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Old Mar 3, 2009, 3:37 AM   #1
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I plan on purchasing a DSLR Camera tomorrow. I got a bonus from work and can spend about 1000 give or take a few hundred more.

I would be using it for taking pics of? kids, indoors, outdoors; social events at work and holidays at home; outdoor pictures such as trips to the grand canyon, other state parks, lakes, hiking pics, mountain views, canyon views, etc.; day to day pics indoors and outdoors; pics of kids indoors such as a gym, school, low lighting areas; sunsets; big 'sky' country in AZ; perhaps sports later (kids).

I would probably only purchase the lens that comes w/said camera and one other

Not sure about the flash? Does one come w/camera? Would I need to purchase one?

Most shots would be taken w/o tripod, so perhaps image stab as a factor?

I've been told to consider: Canon XSi or XS, Nikon D80 or 90, Sony A200 or A300, and ??

A friend has older lenses from a film minolta, not sure of what kind and if they'd be compatible...

Any help would be appreciated!

Thanks!
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Old Mar 3, 2009, 5:50 AM   #2
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For indoor sports, you probably won't be able to use flash, so getting used to available light photography might be a good idea. In that case, you might want to avoid using flash for anything.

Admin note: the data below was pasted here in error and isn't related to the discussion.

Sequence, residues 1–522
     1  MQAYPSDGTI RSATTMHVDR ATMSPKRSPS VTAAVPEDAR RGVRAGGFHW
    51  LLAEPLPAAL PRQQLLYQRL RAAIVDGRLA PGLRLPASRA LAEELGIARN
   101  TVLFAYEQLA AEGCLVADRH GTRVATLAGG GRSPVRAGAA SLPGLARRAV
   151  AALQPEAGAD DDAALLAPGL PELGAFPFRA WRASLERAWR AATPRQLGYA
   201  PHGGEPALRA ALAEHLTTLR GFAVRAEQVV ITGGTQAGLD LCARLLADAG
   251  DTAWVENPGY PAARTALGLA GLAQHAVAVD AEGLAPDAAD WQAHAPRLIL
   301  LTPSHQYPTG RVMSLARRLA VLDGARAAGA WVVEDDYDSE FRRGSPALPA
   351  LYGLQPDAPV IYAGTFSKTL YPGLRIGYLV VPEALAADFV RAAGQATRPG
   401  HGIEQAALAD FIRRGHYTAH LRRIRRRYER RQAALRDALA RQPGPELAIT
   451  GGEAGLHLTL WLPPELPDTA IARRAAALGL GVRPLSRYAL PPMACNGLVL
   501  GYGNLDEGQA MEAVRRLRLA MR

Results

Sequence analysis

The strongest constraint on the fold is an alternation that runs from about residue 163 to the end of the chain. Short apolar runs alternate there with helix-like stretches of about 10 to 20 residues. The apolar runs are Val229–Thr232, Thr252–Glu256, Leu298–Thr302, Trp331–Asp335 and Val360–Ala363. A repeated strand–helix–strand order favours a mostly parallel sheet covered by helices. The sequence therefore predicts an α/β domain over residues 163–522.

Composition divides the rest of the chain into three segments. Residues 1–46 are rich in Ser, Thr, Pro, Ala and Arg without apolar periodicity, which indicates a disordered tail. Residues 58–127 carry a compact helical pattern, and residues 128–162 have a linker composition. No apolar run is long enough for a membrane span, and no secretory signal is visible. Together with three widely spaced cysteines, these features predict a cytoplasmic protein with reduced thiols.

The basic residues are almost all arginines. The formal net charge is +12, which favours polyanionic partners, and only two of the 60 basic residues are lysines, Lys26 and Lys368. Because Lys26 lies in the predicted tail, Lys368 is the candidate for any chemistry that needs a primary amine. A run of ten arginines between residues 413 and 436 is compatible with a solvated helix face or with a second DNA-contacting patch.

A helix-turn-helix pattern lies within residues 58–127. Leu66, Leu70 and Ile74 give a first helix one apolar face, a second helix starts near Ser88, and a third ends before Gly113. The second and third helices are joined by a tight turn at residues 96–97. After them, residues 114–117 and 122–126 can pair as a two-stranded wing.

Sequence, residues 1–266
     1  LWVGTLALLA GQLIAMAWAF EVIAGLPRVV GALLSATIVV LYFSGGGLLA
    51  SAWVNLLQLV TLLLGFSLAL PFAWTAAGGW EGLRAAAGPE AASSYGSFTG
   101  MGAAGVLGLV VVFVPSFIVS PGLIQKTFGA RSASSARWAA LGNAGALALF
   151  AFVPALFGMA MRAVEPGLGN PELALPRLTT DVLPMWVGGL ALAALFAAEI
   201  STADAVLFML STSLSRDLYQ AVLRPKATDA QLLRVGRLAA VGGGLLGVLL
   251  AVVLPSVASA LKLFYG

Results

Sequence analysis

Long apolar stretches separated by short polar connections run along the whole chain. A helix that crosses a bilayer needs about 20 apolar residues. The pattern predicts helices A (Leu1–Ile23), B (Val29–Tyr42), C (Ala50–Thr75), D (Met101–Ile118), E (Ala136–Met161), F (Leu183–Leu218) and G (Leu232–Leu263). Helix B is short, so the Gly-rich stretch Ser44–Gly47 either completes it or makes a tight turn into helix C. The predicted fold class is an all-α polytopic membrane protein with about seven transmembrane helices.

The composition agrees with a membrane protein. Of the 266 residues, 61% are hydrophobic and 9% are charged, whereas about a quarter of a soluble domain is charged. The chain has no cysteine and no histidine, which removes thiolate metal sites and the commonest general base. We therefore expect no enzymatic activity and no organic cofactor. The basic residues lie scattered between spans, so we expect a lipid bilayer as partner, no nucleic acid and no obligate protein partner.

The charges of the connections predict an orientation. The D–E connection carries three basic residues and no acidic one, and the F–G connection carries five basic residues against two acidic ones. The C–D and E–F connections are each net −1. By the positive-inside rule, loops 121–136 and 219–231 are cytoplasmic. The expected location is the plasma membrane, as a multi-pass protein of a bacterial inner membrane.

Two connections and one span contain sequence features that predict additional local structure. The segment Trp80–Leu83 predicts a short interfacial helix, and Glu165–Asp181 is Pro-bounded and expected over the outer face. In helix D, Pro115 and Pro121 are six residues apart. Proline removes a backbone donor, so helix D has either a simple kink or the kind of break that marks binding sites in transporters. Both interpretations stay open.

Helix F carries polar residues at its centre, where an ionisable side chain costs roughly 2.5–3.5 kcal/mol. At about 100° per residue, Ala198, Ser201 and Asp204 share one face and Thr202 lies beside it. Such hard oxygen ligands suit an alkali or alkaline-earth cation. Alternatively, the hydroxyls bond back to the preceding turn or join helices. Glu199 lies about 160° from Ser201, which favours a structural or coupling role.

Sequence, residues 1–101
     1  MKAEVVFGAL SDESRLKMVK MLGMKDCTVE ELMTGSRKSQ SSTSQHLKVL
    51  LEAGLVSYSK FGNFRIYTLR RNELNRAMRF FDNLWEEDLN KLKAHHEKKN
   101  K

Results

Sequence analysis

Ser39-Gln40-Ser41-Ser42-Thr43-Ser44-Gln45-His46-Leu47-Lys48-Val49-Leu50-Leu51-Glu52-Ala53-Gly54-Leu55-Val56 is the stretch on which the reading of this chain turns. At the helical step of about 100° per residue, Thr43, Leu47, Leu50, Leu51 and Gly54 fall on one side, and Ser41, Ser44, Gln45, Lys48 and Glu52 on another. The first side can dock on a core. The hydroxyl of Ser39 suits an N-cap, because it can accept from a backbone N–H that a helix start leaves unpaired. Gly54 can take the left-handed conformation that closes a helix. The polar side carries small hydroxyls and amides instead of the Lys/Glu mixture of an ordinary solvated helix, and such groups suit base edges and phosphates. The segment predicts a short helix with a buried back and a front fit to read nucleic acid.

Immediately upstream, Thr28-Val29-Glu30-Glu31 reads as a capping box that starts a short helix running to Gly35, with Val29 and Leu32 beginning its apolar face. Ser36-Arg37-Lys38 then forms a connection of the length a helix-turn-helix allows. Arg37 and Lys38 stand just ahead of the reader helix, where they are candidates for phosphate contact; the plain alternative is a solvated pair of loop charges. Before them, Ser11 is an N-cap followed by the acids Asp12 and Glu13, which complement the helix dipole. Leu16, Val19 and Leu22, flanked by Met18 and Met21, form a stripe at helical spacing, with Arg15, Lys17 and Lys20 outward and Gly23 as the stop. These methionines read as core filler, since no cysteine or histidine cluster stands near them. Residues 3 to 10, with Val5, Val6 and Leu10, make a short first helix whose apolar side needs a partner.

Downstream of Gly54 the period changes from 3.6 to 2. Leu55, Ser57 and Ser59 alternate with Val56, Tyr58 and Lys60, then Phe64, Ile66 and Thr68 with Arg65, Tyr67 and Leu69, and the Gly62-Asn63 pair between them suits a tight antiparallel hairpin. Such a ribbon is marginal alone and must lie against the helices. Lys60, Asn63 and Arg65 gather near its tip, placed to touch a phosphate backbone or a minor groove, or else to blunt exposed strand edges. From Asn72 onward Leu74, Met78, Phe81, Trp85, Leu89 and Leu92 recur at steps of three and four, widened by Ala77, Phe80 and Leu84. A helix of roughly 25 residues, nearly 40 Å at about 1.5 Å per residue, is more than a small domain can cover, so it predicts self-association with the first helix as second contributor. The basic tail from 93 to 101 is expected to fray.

The Canon XSi and the Nikon D90 are probably the best for sports/action/wildlife, but the D90 will take a big bite out of your budget. Canon has the best selection of large aperture lenses appropriate for available light shooting, followed closely by Nikon, but Canon and Nikon both use optical image stabilization in some of their lenses, and the large aperture lenses aren't stabilized. That doesn't matter much when you're sports because you'll want to use a fast shutter speed, and that will reduce the chances of motion blur due to camera shake. But for general indoor shooting, you may be shooting at slower shutter speeds and stabilization might be handy.

The Canon XS isn't quite as good as the XSi for sports, and the XSi has a 12MP image sensor while the sensor in the XS is 10MP.